Although we in the U.S. were clearly not sufficiently nor effectively prepared for the onslaught of the coronavirus in our metropolitan areas across the nation, we need to begin our immediate preparations for the impact of this virus on the rural areas of our nation. This crucial planning requires the recognition that the risks, issues of prevention and treatment opportunities are substantially different in rural communities than in metropolitan areas.
In rural communities, as opposed to urban or suburban areas, there is a substantially higher number of at-risk individuals. In general, these individuals are older and have a higher percentage of chronic diseases, including diabetes mellitus, heart disease, chronic obstructive lung disease and cancer, among others. Individuals who live in rural communities, on average, have a substantially lower social determinant of health parameters. They are less wealthy and live in poorer communities, impacting the quality of systems and services available. There have fewer economic opportunities. Health care is less accessible. Mortality rates are higher. For instance, one analysis revealed that there is a 60% higher death rate for the flu than in the large metropolitan areas due to these factors as well as less-accessible health care.
Even before the pandemic hit, there was an existential crisis occurring among rural hospitals. Rural hospitals serve around 60 million people (about a fifth of Americans), but 119 rural hospitals have closed since 2010. Eighteen closed last year and eight have closed so far this year. Several factors are contributing, including the trend to care for patients as outpatients rather than inpatients, increasing costs and decreasing reimbursements among others. This obviously results in even fewer hospitals to serve this vital population. These rural hospitals are more dispersed, less equipped and with substantially less funding available than other parts of our country — and with much more limited supplies, including beds, personal protective equipment and ventilators to name a few. Indeed, the loss of elective procedures at these sites during our current crisis, one of their main profit centers, has further handicapped their funding streams and ability to prepare.
Due to the broad geographic similarities and remarkable health care disparities facing rural areas across the nation, focusing on a state-by-state response would promote a poorly orchestrated and haphazard approach to the coming tsunami of COVID-19 cases in rural areas. The distance between rural homes and communities will likely cause a delay in the impact in rural populations compared with metropolitan areas. This will likely result in the most deadly and impactful time for our rural neighbors occurring while the national curves of impact are declining. As the numbers impacted in our rural areas will be smaller, they could be lost in the declining curves, despite a significantly higher percentage of serious infections and deaths in rural areas.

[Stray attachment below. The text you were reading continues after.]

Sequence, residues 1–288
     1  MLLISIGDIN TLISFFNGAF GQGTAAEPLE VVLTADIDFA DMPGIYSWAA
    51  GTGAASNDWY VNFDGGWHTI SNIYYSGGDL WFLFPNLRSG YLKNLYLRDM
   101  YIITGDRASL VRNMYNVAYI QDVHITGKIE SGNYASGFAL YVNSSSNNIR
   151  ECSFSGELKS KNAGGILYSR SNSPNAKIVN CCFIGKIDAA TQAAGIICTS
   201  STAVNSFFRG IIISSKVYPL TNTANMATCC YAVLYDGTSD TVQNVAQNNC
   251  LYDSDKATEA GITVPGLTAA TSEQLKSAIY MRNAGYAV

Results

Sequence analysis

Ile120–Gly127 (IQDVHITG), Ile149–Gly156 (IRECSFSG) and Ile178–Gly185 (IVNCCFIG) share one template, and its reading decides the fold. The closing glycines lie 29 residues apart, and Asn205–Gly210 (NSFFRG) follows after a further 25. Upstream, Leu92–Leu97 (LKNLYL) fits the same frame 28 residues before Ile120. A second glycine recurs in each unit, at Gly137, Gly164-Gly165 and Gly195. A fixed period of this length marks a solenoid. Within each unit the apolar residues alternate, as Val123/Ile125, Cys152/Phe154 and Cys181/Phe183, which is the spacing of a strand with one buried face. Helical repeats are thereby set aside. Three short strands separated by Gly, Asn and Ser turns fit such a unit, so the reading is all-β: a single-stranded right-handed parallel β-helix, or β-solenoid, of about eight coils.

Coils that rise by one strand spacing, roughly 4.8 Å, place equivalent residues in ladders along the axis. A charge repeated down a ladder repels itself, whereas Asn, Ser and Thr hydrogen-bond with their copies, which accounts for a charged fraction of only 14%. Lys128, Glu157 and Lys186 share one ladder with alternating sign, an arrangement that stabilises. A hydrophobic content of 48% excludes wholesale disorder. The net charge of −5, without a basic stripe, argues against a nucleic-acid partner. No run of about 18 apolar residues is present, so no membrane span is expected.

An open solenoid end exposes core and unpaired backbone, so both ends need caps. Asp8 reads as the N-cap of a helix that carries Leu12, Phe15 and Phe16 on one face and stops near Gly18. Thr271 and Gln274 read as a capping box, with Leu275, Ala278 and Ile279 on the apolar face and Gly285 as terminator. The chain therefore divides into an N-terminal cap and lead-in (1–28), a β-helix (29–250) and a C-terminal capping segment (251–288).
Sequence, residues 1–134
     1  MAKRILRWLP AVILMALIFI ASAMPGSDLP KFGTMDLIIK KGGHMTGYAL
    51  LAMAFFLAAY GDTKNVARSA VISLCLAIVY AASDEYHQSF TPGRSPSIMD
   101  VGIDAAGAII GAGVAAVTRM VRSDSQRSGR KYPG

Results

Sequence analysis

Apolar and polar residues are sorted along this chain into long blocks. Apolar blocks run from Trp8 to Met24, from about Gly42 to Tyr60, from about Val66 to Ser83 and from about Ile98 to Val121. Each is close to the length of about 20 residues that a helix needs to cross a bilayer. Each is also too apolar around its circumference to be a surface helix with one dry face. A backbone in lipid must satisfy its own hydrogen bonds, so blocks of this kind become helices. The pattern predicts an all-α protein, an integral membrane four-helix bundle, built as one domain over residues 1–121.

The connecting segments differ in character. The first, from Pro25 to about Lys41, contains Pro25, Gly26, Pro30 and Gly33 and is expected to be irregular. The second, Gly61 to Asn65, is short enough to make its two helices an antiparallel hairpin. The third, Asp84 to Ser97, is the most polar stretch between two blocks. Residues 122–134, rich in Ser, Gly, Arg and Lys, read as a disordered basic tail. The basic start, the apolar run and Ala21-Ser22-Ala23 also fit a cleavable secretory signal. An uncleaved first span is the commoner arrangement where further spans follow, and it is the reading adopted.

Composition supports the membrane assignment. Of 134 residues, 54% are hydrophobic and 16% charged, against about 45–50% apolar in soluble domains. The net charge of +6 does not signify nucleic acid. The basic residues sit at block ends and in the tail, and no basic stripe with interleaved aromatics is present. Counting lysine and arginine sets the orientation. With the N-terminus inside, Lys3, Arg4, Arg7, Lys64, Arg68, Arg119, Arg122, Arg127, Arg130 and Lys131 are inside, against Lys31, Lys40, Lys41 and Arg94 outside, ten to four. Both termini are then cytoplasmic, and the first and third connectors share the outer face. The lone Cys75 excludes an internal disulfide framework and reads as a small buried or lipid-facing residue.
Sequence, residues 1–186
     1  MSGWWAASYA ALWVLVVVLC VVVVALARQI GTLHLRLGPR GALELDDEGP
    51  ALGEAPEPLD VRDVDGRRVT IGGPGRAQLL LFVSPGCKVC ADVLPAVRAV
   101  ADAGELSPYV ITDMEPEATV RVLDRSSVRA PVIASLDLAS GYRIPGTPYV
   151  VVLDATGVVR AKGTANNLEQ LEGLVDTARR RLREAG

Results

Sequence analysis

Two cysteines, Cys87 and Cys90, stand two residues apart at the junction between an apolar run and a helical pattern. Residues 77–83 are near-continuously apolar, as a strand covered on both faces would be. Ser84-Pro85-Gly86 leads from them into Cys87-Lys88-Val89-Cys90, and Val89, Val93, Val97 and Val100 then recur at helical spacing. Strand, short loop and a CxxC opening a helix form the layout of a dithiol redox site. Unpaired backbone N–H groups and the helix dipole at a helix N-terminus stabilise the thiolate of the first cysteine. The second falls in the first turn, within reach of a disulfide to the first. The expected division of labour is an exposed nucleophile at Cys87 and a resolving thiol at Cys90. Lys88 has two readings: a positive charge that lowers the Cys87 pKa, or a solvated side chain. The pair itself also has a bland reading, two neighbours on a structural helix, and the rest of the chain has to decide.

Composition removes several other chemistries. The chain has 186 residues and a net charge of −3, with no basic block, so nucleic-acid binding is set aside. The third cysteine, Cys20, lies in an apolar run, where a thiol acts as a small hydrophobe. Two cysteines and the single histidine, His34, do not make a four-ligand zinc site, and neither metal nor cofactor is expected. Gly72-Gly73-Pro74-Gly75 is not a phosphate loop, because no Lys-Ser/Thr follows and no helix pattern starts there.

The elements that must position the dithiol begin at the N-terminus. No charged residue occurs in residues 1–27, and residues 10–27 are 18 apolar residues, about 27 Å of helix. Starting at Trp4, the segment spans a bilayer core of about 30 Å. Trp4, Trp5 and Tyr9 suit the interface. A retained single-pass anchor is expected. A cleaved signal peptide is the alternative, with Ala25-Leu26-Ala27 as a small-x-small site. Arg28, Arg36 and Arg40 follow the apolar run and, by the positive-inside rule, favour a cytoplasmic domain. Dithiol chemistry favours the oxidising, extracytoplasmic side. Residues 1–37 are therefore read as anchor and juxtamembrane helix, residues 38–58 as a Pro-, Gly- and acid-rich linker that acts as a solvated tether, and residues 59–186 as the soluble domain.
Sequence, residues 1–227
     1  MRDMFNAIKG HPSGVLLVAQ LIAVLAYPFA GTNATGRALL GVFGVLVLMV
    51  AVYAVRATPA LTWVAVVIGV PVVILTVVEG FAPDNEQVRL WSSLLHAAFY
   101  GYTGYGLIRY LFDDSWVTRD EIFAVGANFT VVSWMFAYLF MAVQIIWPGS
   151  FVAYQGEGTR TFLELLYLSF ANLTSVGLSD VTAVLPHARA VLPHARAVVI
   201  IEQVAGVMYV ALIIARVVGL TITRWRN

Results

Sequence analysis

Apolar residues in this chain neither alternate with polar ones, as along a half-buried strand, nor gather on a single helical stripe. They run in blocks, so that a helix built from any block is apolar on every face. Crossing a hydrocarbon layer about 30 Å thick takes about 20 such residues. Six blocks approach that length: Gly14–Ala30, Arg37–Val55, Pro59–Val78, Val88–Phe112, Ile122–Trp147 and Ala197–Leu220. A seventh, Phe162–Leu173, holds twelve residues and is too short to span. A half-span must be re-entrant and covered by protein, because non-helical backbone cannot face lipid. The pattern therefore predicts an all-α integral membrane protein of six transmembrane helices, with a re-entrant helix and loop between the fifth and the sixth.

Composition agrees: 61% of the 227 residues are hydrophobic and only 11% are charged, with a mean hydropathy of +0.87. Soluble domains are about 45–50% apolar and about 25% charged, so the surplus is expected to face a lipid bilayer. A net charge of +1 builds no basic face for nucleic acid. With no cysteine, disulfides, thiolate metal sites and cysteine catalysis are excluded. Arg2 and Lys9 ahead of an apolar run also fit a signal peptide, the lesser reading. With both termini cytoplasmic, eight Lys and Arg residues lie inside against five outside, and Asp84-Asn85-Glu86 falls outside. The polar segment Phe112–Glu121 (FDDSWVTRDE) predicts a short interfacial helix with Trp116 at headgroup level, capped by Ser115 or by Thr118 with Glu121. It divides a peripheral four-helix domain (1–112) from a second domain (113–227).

Perhaps with the exception of relatively few successful gaming tribes, we may have even greater potential for devastation among rural American Indian reservations. Chronic neglect and underfunding of Native American health care services has resulted in poorly prepared systems to handle such a pandemic. The public health infrastructure is minimal, and the communities are often quite poor. One in six households on reservations are overcrowded, making social distancing an unapproachable ideal. The vast majority of these reservation-based hospitals and health centers were developed to provide only primary care services, generally without the resources or capacity to provide more than initial basic emergency care and immediate transportation to larger hospitals for acutely ill patients. Chronic shortages of health care providers, personal protective equipment and supplies further limit the capacity of these facilities. Indeed, it is reported that the Indian Health Service has only 81 ventilators across their national network.
This is an urgent crisis. We are in need of broad national leadership now to begin a focus on our rural area preparations. I urge the immediate implementation of a national task force — made up of rural and tribal leaders, rural hospital executives, medical and public health experts, state and federal representatives — to meet this urgent need for planning and implementation of appropriate funding and public health measures.
Dr. James Galloway, former medical director of two rural hospitals, was assistant U.S. surgeon general, a rear admiral in the U.S. Public Health Service and health administrator in the Chicago region for the Department of Health and Human Services under Presidents George W. Bush and Barack Obama.